A good history is mandatory for the diagnosis of GERD. There is no role of barium swallow in diagnosis of GERD. Technetium Scan is usually done in infancy. It has a sensitivity of 55%-80% and is good to pick up pulmonary aspiration. UGI endoscopy and biopsy is indicated for persist end symptoms and is also useful in ruling out other differentiate diagnosis such as allergic enteropathy. 24 hrs impedance pH metry is the gold standard and is ideal for atypical symptoms.
If conservative measures fail and other differential diagnosis have been considered and excluded, pharmacological therapy is warranted. One algorithm allows for a trial of medical therapy before any diagnostic evaluation is performed. If the patient improves with the use of medications, no further evaluation is necessary. However, if no improvement occurs, a diagnostic work-up should be performed. It is debatable whether medical therapy should be initiated before diagnostic evaluation or vice-versa. The pharmacological therapy includes prokinetics and antacids and agents that suppress gastric and production like H2 receptor antagonists and proton pump inhibitors.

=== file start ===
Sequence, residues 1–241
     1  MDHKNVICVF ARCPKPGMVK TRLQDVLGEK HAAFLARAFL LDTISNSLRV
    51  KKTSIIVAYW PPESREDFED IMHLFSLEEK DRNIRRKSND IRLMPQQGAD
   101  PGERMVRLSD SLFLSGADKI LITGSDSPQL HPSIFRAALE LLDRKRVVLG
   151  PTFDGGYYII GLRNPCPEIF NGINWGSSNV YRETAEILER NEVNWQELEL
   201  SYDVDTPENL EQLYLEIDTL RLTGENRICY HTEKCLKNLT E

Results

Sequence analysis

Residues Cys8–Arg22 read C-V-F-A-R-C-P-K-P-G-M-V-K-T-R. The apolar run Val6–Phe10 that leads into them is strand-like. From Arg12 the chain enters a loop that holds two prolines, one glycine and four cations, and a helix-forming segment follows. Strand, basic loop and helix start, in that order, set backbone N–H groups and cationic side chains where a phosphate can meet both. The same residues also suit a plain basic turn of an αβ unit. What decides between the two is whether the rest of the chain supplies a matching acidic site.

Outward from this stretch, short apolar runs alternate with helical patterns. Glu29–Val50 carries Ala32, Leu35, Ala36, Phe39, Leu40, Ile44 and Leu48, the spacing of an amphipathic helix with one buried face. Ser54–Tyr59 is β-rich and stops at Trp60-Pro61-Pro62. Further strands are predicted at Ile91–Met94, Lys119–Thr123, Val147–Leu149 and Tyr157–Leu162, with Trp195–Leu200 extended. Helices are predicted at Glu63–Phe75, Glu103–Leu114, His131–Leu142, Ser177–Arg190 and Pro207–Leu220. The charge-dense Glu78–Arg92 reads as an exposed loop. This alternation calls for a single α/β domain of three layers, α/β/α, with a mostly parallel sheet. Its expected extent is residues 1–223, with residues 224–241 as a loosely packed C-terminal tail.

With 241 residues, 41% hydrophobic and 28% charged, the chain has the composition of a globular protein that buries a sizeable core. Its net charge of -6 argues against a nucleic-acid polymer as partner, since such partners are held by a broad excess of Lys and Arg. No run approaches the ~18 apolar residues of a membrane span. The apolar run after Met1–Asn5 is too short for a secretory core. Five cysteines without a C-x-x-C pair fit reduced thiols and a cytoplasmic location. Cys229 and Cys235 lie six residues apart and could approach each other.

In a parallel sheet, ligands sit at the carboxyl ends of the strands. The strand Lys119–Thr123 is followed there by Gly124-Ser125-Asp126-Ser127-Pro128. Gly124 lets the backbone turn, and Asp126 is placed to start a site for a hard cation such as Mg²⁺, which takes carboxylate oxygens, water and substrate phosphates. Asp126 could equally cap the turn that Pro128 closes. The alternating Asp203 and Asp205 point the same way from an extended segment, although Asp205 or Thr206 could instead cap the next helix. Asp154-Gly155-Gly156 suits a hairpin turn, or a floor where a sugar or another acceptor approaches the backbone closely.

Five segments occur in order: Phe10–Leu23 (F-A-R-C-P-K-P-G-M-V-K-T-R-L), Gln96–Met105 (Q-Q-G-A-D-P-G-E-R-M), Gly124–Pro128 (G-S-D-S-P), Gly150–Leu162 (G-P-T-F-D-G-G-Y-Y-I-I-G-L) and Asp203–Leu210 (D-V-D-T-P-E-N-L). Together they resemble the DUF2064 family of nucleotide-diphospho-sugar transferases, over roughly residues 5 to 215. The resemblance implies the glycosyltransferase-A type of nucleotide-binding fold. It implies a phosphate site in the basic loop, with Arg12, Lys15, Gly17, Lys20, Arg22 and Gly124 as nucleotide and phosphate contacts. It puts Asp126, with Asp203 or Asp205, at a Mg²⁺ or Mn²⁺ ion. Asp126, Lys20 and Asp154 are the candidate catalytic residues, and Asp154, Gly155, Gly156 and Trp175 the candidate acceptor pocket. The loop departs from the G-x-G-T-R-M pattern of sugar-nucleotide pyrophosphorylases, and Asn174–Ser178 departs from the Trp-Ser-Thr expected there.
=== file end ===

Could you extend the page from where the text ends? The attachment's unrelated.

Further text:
Histamine-2 receptor antagonists (H2RAs) decrease acid secretion by inhibiting histamine-2 receptors on gastric parietal cells. Gastric pH begins to increase within 30 minutes of administration and the effect lasts for 6 hours.. Advantage of H2RAs is its quick action and its causes partial block in acid secretion. It’s best for mild to moderate cases. However tachyphylaxis, or diminution of the response and escape from its acid-inhibitory effect have been observed after 6 weeks
PPIs inhibit acid secretion by blocking Na–K- ATPase, the final common pathway of parietal cell acid secretion, often called the proton pump. PPIs produce higher and faster healing rates for erosive esophagitis than H2RAs. The superior efficacy of PPIs is largely because of their ability to maintain intragastric pH at or above 4 for longer periods and to inhibit meal-induced acid secretion, a characteristic not shared by H2RAs. The most common side effects include headache and diarrhea, rarely decrease in serum vitamin B12 levels. Unnecessary use of PPI should be avoided as long term renal concerns are with reported in the recent time.
Surgery: An alternative treatment in patients who have chronic reflux with recalcitrant symptoms includes antireflux surgery, including open and laparoscopic versions of Nissen fundoplication. Some of the common indications for surgery are failed medical management, patient preference for surgery despite successful medical management, complications of GERD, medical complications attributable to a large hiatal hernia, or atypical symptoms with reflux documented on 24-hour pH monitoring . Candidates for surgery should normal esophageal motility by manometry. Postsurgical complications are common like 10% having solid food dysphagia and 7 to 10% of patients have gas bloating but these are manageable.
(The author is Director and HOD, Department of Pediatric Gastroenterology, Hepatology & Liver Transplantation, Medanta Superspeciality Hospital, Gurgaon)